By Sergey Baranov
Apparently, a Japanese court has shown a different position in regards to ‘’operating within the boundaries of law’’ by sentencing two American servicemen to prison on rape charges while being on duty at a U.S. military base in Okinawa
‘’In 1993, the Japanese government released a statement acknowledging the “immeasurable pain and suffering” endured by thousands of women forced to have sex during World War II. It even vowed to include the comfort women issue in new junior high school textbooks for the first time’’ However, Toru Nashimoto, a Mayor of Osaka, recently told reporters during his weekly press conference that “anyone would understand” the role of “comfort women” when soldiers were risking their lives and needed “a rest.” He continued by saying that he told a U.S. military commander during a trip to a base on the island of Okinawa that the adult entertainment business in Japan should be “utilized more” by U.S. personnel. “I told him there are places that operate within the boundaries of the law which can be used for releasing sexual frustration, so they [the U.S. military] should fully utilize it or the marines won’t be able to control their aggressive sexual desires.” (1)
Apparently, a Japanese court has shown a different position in regards to ‘’operating within the boundaries of law’’ by sentencing two American servicemen to prison on rape charges while being on duty at a U.S. military base in Okinawa.( 2)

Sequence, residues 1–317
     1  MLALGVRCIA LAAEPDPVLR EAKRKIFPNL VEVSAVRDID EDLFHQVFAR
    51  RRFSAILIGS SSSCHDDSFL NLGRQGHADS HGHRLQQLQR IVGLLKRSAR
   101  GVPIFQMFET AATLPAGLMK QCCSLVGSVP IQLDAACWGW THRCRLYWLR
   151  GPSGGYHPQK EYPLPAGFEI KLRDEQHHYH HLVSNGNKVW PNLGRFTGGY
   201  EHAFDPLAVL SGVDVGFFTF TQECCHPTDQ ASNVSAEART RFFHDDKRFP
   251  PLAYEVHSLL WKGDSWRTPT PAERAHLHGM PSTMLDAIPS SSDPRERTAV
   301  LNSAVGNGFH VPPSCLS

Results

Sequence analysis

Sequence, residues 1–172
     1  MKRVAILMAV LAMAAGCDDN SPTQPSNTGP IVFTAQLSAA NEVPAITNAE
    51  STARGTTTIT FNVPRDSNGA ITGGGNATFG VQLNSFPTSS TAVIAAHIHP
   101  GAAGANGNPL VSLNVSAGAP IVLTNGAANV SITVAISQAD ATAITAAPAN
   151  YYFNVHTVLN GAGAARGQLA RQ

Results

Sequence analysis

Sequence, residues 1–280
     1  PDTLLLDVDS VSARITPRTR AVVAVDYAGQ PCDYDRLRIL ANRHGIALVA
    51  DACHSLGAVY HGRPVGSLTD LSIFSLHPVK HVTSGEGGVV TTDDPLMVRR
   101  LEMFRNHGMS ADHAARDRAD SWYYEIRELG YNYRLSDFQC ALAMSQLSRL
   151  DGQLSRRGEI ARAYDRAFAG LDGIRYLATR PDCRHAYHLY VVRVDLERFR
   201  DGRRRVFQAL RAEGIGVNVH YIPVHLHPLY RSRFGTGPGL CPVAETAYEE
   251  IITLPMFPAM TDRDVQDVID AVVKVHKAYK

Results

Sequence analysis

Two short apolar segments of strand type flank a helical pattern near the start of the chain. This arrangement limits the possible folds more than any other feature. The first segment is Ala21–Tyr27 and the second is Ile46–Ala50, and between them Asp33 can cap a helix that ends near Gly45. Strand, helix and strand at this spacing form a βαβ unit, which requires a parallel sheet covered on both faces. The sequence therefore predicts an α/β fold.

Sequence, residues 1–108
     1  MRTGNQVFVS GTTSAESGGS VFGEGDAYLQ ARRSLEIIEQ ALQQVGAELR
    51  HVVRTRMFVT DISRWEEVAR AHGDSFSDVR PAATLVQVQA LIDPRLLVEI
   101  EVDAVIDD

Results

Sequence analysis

Historians have estimated that 200,000 women were forced to become sex slaves for Japan’s former Imperial Army, ‘’many of which were from Philippines, China and Korean peninsula, all occupied territories at the time.’’ While Toru Nashimoto thinks that forcing women into a sex slavery is necessary for helping the soldiers to ‘’rest’’ by gratifying their sexual desires during the war time, the rape victims who are now in their 80’s and 90’s are gathering together to demand justice. To be honest, I was not aware of this issue until this morning when I found an email in my mail box asking to sign a petition to help the war crime victims. (3)
I would probably give it a moment and sign it after reading, then archive it in my memory, if I wouldn’t get so outraged by Toru Nashimoto’s words, and I felt compelled to share few words on the subject. First of all I would like to say that I feel for all those women who were continuously beaten and raped by the Japanese soldiers. It is a crime against humanity which must be stopped by providing severe punishment and sentences of life in prison to anyone and anywhere committing these atrocities. Furthermore, besides the protecting of human rights, in this case women and children from sexual abuses, it would send a strong message to others, that predatory rape is not an incentive to go to war.
It would be more productive and respectful, if instead defending the rapists, Toru Nashimoto would use his time and his political position to influence the Government of Japan to finally halt the Fukushima nuclear disaster, which threatens his own people the most. Most likely his speech will spark wide outrage among Japanese people who as far as I can tell, are moral people, who should be seen as an example by some of the elements of their own government. Please sign the petition to support the victims.